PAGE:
Even in virtual form, the NFL Draft gave us a sense of normalcy
ESPN, ABC and the NFL Network deserve credit for pulling this off the extraordinary logistical calculus.
During these most abnormal of times, there were small comforts to be found in the relative normalcy of the television coverage of the first round of the NFL Draft Thursday night.
No, of course the draft, which runs through Saturday with collaboration between ESPN and the NFL Network as well as a separate network broadcast on ABC, didn’t resemble the massive public event that it has become in recent years.
This year, it was booked to take place in Las Vegas, with 750,000 fans projected to be in attendance over its three days. Instead, as everyone with a hint of common sense socially distances in the midst of the COVID-19 pandemic, the first round came to us from more personal venues this year: the basements and living rooms of 60 top prospects and the 32 general managers and owners charged with selecting them virtually.
Trey Wingo hosted solo from the ESPN set, while on the ABC broadcast, Rece Davis, Maria Taylor, and Jesse Palmer were on set together. They might have been sitting the recommended six feet apart. Maybe.
I mostly watched the ESPN/NFL Network collaboration. Assorted analysts and experts — there were usually three from ESPN and three from the NFL Network appearing on screens in the ESPN studio — checked in virtually from their makeshift home studios.
(Earlier in the day, news came that Todd McShay, the Swampscott High grad and longtime ESPN draft analyst, is recovering from COVID-19 and would not be part of the ABC broadcast. His enthusiastic expertise was missed.)
The setup was impressive, and perhaps familiar to anyone who has participated in a Zoom call with work colleagues over the past several weeks.
Wingo joked with NFL commissioner Roger Goodell during the pre-draft show about the concern regarding technical difficulties, asking him, “I’m about to ask you something I never thought I would ask you. How’s your bandwidth?”
But there were no issues with significant delays, no one caught swearing on a hot microphone off camera, no 16-year-old hackers hijacking a team’s feed to play Fortnite. The most awkward moment probably came when Wingo abruptly cut off Adam Schefter, who was elaborating on the Patriots’ trade of the No. 23 pick to the Chargers. And that sort of thing happens in any live broadcast when there are a lot of moving parts.
Instead, once a viewer got used to the setup — and for me, that was right after the Bengals took LSU quarterback Joe Burrow No. 1 overall while he sat on a couch at home with his parents — it felt familiar, and mostly for the better. It was actually amusing to virtually snoop on the various setups. Special kudos go to ESPN’s Louis Riddick, who featured the classic ‘80s handheld electronic football game on the top shelf of his backdrop bookcase.
I love the Burrow family. Even though home alone, stood up for the national anthem. Very classy. @Joe_Burrow10 pic.twitter.com/wBFbqOP2Ie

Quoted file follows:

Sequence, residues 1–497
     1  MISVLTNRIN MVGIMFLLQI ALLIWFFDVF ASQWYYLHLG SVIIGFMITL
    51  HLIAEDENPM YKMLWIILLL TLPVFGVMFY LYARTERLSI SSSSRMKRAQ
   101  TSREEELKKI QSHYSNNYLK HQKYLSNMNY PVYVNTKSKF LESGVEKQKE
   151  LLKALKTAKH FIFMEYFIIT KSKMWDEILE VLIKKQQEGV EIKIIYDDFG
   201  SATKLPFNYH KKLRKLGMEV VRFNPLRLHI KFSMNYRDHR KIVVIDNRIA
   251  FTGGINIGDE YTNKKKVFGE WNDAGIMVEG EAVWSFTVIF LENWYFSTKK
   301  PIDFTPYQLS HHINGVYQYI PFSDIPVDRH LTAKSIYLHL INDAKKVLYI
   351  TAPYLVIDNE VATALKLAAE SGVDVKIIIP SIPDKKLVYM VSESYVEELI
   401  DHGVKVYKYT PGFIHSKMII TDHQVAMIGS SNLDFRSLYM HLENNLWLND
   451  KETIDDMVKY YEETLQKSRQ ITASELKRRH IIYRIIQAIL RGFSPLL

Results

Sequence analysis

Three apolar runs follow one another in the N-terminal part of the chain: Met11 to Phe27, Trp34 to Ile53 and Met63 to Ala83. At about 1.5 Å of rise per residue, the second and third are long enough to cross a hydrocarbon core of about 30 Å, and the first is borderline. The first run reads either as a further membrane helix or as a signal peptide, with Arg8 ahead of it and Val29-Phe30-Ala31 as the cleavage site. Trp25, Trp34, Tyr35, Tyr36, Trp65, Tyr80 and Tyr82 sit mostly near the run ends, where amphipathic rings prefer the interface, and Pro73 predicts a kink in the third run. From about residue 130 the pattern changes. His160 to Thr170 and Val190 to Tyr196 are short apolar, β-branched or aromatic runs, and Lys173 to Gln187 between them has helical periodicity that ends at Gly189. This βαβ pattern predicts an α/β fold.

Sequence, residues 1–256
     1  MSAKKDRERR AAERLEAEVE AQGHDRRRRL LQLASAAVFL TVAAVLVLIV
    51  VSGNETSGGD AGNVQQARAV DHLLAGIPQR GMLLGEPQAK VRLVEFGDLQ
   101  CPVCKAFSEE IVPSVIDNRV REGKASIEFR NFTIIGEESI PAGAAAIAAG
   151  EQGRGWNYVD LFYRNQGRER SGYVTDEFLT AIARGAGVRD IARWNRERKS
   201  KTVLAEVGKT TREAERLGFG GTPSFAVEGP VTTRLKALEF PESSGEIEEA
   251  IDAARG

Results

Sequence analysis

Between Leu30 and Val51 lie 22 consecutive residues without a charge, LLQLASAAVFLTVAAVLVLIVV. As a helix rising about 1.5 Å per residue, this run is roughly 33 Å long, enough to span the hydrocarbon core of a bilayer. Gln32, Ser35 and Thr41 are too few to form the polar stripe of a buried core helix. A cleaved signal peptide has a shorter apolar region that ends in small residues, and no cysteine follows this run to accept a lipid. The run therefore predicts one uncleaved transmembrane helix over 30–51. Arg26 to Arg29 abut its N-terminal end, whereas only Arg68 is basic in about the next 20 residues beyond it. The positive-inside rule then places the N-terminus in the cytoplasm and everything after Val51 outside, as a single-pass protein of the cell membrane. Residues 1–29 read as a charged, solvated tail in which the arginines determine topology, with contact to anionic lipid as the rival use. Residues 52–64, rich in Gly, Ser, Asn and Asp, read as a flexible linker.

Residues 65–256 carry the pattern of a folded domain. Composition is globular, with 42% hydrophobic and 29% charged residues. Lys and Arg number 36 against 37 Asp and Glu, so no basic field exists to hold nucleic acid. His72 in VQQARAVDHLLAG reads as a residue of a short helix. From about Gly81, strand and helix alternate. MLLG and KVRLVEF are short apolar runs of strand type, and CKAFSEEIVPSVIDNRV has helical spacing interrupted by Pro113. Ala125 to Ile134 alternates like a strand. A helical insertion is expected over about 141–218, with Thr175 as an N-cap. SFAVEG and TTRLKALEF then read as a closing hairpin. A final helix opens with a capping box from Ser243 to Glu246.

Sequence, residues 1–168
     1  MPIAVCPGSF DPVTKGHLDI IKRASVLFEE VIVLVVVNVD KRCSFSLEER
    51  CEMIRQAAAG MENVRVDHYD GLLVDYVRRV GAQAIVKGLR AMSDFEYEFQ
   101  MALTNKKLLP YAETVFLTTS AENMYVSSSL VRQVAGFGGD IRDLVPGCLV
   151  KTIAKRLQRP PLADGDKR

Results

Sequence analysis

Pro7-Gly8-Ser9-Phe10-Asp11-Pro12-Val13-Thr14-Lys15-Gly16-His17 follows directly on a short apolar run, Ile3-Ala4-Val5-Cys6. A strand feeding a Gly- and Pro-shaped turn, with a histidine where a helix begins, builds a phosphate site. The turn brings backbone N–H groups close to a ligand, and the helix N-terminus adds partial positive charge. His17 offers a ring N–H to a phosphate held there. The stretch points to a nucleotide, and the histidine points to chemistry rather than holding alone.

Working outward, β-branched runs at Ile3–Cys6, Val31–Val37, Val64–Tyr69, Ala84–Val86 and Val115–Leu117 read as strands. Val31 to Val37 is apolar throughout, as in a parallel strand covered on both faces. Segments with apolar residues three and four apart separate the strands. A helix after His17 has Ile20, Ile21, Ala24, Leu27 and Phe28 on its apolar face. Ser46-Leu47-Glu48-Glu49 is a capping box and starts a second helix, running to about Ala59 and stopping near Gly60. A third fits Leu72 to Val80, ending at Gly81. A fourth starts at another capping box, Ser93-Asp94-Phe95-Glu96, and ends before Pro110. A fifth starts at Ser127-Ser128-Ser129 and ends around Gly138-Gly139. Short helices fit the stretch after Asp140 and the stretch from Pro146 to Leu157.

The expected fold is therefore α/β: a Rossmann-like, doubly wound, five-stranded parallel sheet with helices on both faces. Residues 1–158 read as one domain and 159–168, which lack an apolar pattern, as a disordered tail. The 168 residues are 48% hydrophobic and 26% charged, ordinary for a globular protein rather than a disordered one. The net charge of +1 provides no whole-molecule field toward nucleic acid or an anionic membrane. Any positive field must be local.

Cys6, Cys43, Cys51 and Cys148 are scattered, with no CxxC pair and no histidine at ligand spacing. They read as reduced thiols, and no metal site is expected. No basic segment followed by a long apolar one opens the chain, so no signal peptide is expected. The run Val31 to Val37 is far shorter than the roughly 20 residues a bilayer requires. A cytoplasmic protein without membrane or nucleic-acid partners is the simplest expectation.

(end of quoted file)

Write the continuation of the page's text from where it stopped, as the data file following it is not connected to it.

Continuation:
— Holly Rowe (@sportsiren) April 24, 2020
When the Giants selected Georgia tackle Andrew Thomas with the No. 4 overall pick, there was something reassuring in seeing ESPN draft expert Mel Kiper Jr. rattled, since he had three other tackles rated higher. It’s an annual tradition: When Kiper’s draft board is officially thrown out of whack, that’s when the draft really begins.
There was no Vegas glamour and schmaltz, but this is the NFL’s show, and the safely distanced pomp-and-circumstance was such that one almost expected a military flyover over ESPN’s Bristol studios. Harry Connick Jr., a Saints fan we were told, sang the National Anthem from his New Orleans home. Goodell, who was slightly less wooden than the paneling in his basement — he made awkward if good-natured light of fans’ annual habit of booing him at the draft — called for a moment of silence.
Before the picks began, proper tribute was paid to healthcare workers on the front-line of the pandemic, with Peyton Manning narrating an essay that in typical NFL fashion also paid not-so-subtle homage to the sport’s role in American culture. “This may look like separation,’’ said Manning, the legendary quarterback and second-born son in the NFL’s anointed first family, “but it’s really solidarity.”
Then, the most NFL thing of all: blunt commercialism. ESPN threw in five commercials between the introductory comments and the Bengals’ selection of Burrow.
The most poignant scenes typically come when a player is selected, his dream officially come true, and he shares the moment with his happy family. Those scenes were familiar this year too — the family of Eagles pick Jalen Reagor set the bar for the loudest cheers — but there was poignancy to be found even before the draft began.
At the top of ESPN’s “Countdown to the 2020 NFL Draft” program, which began an hour before the 8 p.m. draft, ESPN showed a live shot of The Strip in Vegas outside of Caesars Palace. Signs for Rod Stewart and Wayne Newton concerts that won’t happen anytime soon blinked, and there was not a single soul to be seen on the streets.
The scene was another stark reminder — as if we require any more of those — that these are the opposite of normal times. But the first-round, even done virtually, didn’t feel all that different than it usually does once the picks started rolling in.
ESPN, ABC and the NFL Network deserve credit for pulling this off the extraordinary logistical calculus of these broadcasts and doing it well enough to provide a few hours of something resembling normalcy for sports fans.
A little more virtual booing of Goodell wouldn’t have hurt, though. There’s nothing about the draft more normal than that. Well, other than the Patriots trading out of the first round.
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